By Bob Valen 

A dry February brings a warming trend

Weather Watcher


Dry indeed, February brought a parching 0.09 inch of precipitation that included 0.6 inch of fresh snow. The mean precipitation is 0.92 inch while we had a high of 3.58 inches back in 1940. Mean snowfall is 2.5 inches. So, as you can see, we were behind by about 90 percent. Temperatures were higher, as well. The mean for February here at the home weather station was 34.2°F, while the historical mean is 32.7°F. That’s a 1.5°F uptick from the mean. The low for the month was 24.1°F (average minimum 25.7°) and a recorded high of 48.5°F (average maximum 39.7°).

As we head further into March, you can count on continued warming. I hope you have everything ready for your garden. On a recent walk with my dog, I saw evidence all around indicating green-up; spring is ready to be sprung. We’ve manipulated our clocks too, so, more daylight as well. The Climate Prediction Center (CPC), an office within the National Weather Service, states we will possibly see below-average temperatures and average precipitation chances here in Washington state.

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If you’ve marked your calendar for March 20 at 4:02 a.m. and you greeted this year’s Vernal Equinox, let me know how that went, I’d still be in bed.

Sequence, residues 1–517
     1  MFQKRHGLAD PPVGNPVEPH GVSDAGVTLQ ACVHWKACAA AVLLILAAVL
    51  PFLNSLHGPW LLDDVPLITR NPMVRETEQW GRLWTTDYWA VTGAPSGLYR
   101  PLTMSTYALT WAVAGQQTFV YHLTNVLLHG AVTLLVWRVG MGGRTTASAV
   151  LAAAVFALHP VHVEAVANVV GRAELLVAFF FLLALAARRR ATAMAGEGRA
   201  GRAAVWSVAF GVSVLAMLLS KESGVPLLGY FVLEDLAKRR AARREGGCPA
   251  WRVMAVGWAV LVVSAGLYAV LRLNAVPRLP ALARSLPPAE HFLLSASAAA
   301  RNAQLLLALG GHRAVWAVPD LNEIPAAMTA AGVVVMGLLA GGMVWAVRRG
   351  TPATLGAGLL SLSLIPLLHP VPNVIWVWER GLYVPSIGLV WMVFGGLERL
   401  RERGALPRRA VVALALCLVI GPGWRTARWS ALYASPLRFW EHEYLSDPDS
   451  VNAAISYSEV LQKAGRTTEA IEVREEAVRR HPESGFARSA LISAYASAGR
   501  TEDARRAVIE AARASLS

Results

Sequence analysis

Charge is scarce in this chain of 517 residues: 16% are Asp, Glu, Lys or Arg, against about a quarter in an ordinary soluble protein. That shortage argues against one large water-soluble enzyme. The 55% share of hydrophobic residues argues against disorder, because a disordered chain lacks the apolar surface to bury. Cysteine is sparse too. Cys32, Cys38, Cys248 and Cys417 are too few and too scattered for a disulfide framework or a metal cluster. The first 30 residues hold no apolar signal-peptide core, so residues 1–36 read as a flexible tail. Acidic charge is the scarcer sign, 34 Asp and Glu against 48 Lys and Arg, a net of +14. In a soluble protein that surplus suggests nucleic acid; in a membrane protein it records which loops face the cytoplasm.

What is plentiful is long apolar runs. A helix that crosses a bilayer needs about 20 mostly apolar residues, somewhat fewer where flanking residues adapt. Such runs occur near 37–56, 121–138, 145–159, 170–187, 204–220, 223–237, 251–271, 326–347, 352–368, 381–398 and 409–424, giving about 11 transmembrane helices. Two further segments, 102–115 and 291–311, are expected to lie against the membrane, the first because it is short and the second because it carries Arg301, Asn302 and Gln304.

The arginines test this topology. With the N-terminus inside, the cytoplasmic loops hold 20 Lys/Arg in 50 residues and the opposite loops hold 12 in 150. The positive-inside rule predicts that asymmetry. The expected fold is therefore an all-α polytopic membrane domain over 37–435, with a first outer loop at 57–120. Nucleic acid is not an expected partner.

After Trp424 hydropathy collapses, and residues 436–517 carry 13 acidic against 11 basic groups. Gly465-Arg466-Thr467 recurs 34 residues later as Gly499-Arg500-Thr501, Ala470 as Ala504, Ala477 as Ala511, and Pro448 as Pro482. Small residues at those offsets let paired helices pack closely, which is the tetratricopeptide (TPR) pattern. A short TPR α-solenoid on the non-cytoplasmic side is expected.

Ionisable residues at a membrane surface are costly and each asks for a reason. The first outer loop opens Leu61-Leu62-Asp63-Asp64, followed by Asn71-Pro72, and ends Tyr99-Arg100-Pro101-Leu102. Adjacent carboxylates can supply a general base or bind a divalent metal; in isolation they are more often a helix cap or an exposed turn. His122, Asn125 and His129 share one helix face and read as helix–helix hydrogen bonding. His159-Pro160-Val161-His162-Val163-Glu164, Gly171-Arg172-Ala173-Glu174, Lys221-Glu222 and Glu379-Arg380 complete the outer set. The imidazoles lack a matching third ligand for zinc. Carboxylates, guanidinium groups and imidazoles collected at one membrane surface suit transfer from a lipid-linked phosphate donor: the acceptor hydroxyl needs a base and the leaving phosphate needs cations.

In Annapolis, Maryland, boatyard employees and sailboat owners celebrate the Spring Equinox with the Burning of the Socks festival. “Traditionally, the boating community wears socks only during winter,” states an entry in Wikipedia. “These are burned at the approach of warmer weather, which brings more customers and work to the area. Officially, nobody then wears socks until the next equinox.” On March 19, the Annapolis Maritime Museum will host the 7th Annual Sock Burning Ceremony. I wonder what the odor is like?

I’m curious, did anyone seen Comet C/2011 L4 (PANSTARRS) in the western sky just after sunset? Folks are excited about it and, according to Astronomy Magazine, “On March 12, look due west a half-hour after sunset, and you should see a slender crescent Moon hanging some 8° above the horizon.”

Our evening sky will allow us to see Jupiter in the Southwest and Uranus in west.


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